The emaciated bodies of Nabat's two children, Sharo and Diar, were taken away by two guards from the Popular Army, who washed the bodies and interred them in the town's Gumbat Cemetery as Nabat watched. Other infant corpses were simply dumped at the town's Old Mosque, according to Karim, the 20-year old student who had watched the Dibs commando base fill up with prisoners earlier that spring. Townspeople would come to the mosque to wash the bodies, and young men from the locality--including Karim himself--would dig the burial plots in an old, abandoned children's cemetery just over a mile away. Karim helped bury four infants, and between them his friends buried at least fifty, all of them less than a year old. The people of Dibs markedoff a special plot for the new arrivals, and each of the tiny graves was marked.26
At regular intervals, sealed buses would drive up to the Dibs base and carry off large numbers of prisoners. On at least two occasions, these groups were made up of people from the Kalar area of southern Germian--some five hundred women and children in all, according to one estimate--and they were transported to the prison at Nugra Salman, for reasons that remain obscure.27 (See below p.304.) But thousands of others--perhaps half the total population of Dibs--were driven off to other, unknown destinations and vanished into the darkness of Anfal. Sherin, for example, a 23-year old woman from the village of Qeitoul Rasha (nahya of Qader Karam), lost two of her young nieces in this way: Perjin Ja'far Hassan, aged 12, and her younger sister Nabat. Given that the survivors of Anfal were eventually resettled in complexes that corresponded to their places of origin, and that five years have now passed without a word of news, the strong presumption must be that these two girls, and the thousands who vanished from Dibs with them, were murdered by the Iraqi authorities.28
"If you know about hell, this is hell. We have seen it."
One of the Halabja survivors was a 33-year old woman named Urfiya. One of her five children had died on the road to Iran after the bombing. With the other four, Urfiya crossed the border and spent five months in the Iranian camps. On August 23, she recalled, the Iranians bussed some 2,000 Halabja families back to the border. The Iraqi Army was waiting for them, and took them in military trucks to Suleimaniyeh, where the Emergency Forces held them on a bread-and-water diet for five days. The place where they were confined, said Urfiya, was "full of people from Qara Dagh." At the end of this time, the young men were separated from their families and driven off in vehicles that resembled ambulances, painted white or green with a single tiny window in the rear. They have never been seen again. The women and children and the elderly were crammed into civilian buses and driven via Kirkuk, Tikrit, Baghdad and Samawa to Nugra Salman, arriving there on August 29.31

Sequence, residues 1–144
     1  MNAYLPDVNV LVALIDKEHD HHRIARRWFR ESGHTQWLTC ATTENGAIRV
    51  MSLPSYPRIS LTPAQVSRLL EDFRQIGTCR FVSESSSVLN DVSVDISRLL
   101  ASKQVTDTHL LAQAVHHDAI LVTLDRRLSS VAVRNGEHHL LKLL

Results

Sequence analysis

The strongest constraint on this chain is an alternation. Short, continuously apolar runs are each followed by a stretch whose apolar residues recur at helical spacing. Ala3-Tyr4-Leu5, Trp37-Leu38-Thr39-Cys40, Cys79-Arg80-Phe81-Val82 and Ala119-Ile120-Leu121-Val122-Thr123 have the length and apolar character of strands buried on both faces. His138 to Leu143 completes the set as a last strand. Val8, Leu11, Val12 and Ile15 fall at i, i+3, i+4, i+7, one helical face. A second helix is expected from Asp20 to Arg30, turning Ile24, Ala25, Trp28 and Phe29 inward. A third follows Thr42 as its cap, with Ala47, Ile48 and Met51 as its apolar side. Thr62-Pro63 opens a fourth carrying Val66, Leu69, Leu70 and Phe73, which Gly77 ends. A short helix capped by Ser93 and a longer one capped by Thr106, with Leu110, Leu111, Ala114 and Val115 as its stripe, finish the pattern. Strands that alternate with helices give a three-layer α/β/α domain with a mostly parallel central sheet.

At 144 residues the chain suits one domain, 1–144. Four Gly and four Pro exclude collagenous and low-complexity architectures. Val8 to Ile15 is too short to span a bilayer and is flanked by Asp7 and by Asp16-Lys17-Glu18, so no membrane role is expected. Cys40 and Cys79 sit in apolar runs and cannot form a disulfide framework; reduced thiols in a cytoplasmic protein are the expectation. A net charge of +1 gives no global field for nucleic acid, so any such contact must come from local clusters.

The journey from the outskirts of Kirkuk to Nugra Salman took between twelve and fifteen hours, with fifty or sixty prisoners crammed into windowless buses designed to hold half that number. At the head and tail of each convoy, Amn and Istikhbarat agents rode in cars with walkie-talkie radios. Some convoys moved off early in the morning and arrived at Nugra Salman late the same evening. Others left in darkness and drove all night. By guessing at the time and direction, or by peering out of the rear door if it was left open a crack for air, the prisoners could tell when they passed through a city--first Tikrit, several hours later Baghdad, and then finally Samawa. They could hear sirens wailing and glimpse curious Arab crowds lining the streets to watch the sealed vehicles go past with their human cargo. There were no stops; the detainees weregiven no food or water, and the presence of guards with Kalashnikovs silenced any complaint.
At Samawa, the elderly prisoners sometimes became aware that the convoys were dividing into two; while their vehicles continued to head south, others peeled off in a different direction. These were the buses that carried the younger Kurdish prisoners from Topzawa, and they were never seen again. After Samawa, there was nothing but barren desert, dotted with the rubble of destroyed settlements--"like our villages, flattened by bulldozers," said one woman.32 Three hours to the southwest of Samawa, the table-land dropped away sharply, and there in the depression below, visible only at the last moment, lay the town of Al-Salman. And a mile and a quarter away in the desert, surrounded by a barbed-wire perimeter fence and guarded by watch towers at each corner, was the prison of Nugra Salman itself.